Maddocks’ style was showcased wonderfully in Fallen Empires, which while it wasn’t a good expansion from a gameplay or financial perspective, did evoke a compelling world of shards of mana at war with themselves. The thrulls provided an opportunity for taking familiar forms and distorting them into nightmarish spectacle. These cards are emblematic of one of the elements that made me fall in love with Magic in the early days; the interplay of art of a flavor text (the repeated excerpts from various volumes of Sarpadian Empires, for instance) really helped to create a world from the snippets we saw in cards. While Magic is first and foremost a game, it’s hard to imagine that it would have made it without the art.
Outside of the disturbing Cronenberg-like monstrosities, Maddocks was also notable for a Gigeresque blurring of the body horror and eroticism (something that Magic has, more-less, abandoned).
These pieces play with body horror while retaining elements that are aesthetically pleasing – Breeding Pit’s thrall is a traditionally attractive sleek feminine form that flows into (or out of) a disarray of guts. The song of the titular siren in Siren’s Call is made visible in the form of an organic-seeming chitinous projection, blurring the line between the beautiful and the monstrous. Blood Lust is one of my favorite Maddocks pieces because the art plays with the title in an unexpected way: literal lusting for blood. The woman splayed out on what seems like a landscape of tissue is probing it in a downright sensual manner. These sorts of art really gave early Magic a distinct feel that was provocative and wondrously weird.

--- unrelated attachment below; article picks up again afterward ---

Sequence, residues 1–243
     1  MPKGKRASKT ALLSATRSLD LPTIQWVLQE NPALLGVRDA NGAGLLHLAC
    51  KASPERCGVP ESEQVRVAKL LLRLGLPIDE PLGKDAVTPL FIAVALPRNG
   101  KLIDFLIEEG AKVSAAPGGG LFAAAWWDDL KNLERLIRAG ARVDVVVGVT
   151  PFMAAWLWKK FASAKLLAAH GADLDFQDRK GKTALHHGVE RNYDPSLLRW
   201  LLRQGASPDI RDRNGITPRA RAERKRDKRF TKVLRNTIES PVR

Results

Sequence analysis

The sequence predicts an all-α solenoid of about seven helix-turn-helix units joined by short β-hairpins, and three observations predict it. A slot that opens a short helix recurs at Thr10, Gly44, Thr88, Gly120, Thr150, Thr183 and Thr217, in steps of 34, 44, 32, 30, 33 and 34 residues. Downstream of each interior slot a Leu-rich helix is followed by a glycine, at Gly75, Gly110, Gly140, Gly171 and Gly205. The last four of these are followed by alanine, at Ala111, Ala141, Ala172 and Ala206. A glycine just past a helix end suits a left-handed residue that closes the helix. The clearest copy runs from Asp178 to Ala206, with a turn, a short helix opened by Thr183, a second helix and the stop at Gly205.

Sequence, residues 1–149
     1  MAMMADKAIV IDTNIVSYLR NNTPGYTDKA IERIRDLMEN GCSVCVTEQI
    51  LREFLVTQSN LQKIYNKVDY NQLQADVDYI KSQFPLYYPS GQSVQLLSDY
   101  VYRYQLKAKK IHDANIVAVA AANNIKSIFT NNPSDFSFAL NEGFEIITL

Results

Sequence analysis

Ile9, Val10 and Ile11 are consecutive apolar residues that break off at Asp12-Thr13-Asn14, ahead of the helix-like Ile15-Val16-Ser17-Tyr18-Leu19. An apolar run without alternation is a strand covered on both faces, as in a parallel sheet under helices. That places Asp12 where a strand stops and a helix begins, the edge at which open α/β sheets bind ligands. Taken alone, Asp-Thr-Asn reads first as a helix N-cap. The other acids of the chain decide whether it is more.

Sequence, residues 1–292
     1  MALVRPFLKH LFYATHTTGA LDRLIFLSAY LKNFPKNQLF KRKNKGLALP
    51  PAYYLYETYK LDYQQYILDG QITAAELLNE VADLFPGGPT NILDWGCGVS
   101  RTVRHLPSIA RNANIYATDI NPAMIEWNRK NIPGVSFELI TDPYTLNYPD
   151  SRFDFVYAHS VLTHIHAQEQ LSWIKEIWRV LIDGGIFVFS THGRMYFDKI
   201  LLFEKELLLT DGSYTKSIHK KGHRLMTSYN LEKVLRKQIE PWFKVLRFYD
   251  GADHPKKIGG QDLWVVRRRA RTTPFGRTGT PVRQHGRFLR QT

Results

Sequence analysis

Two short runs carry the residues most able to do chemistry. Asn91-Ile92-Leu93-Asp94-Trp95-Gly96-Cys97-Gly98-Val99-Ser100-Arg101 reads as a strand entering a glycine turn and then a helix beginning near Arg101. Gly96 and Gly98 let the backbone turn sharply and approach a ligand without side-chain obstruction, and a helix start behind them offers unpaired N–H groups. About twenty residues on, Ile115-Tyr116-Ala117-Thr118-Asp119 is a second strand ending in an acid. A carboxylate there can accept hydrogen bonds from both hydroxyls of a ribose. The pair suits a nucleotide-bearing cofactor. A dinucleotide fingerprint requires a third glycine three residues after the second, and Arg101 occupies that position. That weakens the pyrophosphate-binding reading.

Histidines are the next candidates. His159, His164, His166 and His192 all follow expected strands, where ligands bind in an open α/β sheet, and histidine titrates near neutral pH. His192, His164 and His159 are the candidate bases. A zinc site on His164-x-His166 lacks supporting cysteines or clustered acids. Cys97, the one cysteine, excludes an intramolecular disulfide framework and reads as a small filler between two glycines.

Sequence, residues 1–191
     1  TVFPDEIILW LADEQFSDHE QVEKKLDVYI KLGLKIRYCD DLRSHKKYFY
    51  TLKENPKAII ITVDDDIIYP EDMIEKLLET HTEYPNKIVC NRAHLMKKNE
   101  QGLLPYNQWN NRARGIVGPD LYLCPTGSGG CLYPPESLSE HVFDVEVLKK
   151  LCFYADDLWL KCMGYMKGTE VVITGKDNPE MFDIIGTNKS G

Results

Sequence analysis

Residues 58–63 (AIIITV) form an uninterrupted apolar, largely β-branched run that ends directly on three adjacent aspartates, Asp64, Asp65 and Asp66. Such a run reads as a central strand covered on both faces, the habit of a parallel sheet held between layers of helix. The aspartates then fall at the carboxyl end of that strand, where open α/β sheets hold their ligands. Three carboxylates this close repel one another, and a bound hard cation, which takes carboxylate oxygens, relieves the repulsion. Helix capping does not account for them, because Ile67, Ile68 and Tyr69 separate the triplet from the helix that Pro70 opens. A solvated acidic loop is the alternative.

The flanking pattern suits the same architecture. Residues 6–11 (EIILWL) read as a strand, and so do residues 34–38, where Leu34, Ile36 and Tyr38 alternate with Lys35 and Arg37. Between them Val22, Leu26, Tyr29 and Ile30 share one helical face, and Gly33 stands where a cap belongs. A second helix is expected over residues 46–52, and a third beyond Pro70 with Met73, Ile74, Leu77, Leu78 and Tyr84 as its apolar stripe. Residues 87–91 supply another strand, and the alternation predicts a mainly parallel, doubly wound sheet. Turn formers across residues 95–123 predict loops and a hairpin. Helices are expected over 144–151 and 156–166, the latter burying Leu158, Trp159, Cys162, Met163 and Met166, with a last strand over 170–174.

That isn’t to say that Magic has entirely abandoned body horror. Scars block had some really fantastic pieces that would have made Pinhead proud – Elesh Norn is literally the “Grand Cenobite”, and while some might claim the Grecian usage of the word, I think you’d be hard-pressed to dispute the Hellraiser influence, and the Zendikar sets did eldritch horror in the form of the eldrazi which also played with distorted bodies.
Eldritch Moon featured a spectacular marriage of mechanics and theming. Literally taking two angels who had appeared years earlier in Avacyn Restored, reimaging them as corrupted entities, and then literally merging their cards together into a corrupted eldrazi horror. The effect is such an excellent realization of the horror of taking angels, which are such idyllic perfect entities in Magic, and making them grotesque in a way that is distinct from earlier riffs on this theme of angelic violation, such as Maddocks’ own Fallen Angel.
What we get from all of this is that when Magic decides to do graphic art, it skews hard towards this sort manipulation of forms compared to out and out gore and violence. For Magic these cards have built settings – the grim underbelly of Dominaria, the body horror of Phyrexia, the gothic horror of Innistrad, and the eldritch distortions of Zendikar.
Though that isn’t to say that it’s all body horror. Magic has definitely thrown out some pieces that feel like they’d be at home in Flesh and Blood in recent years.
I’ll leave these here as a teaser for part two.
*Header Image: Macabre Waltz by Jim Murray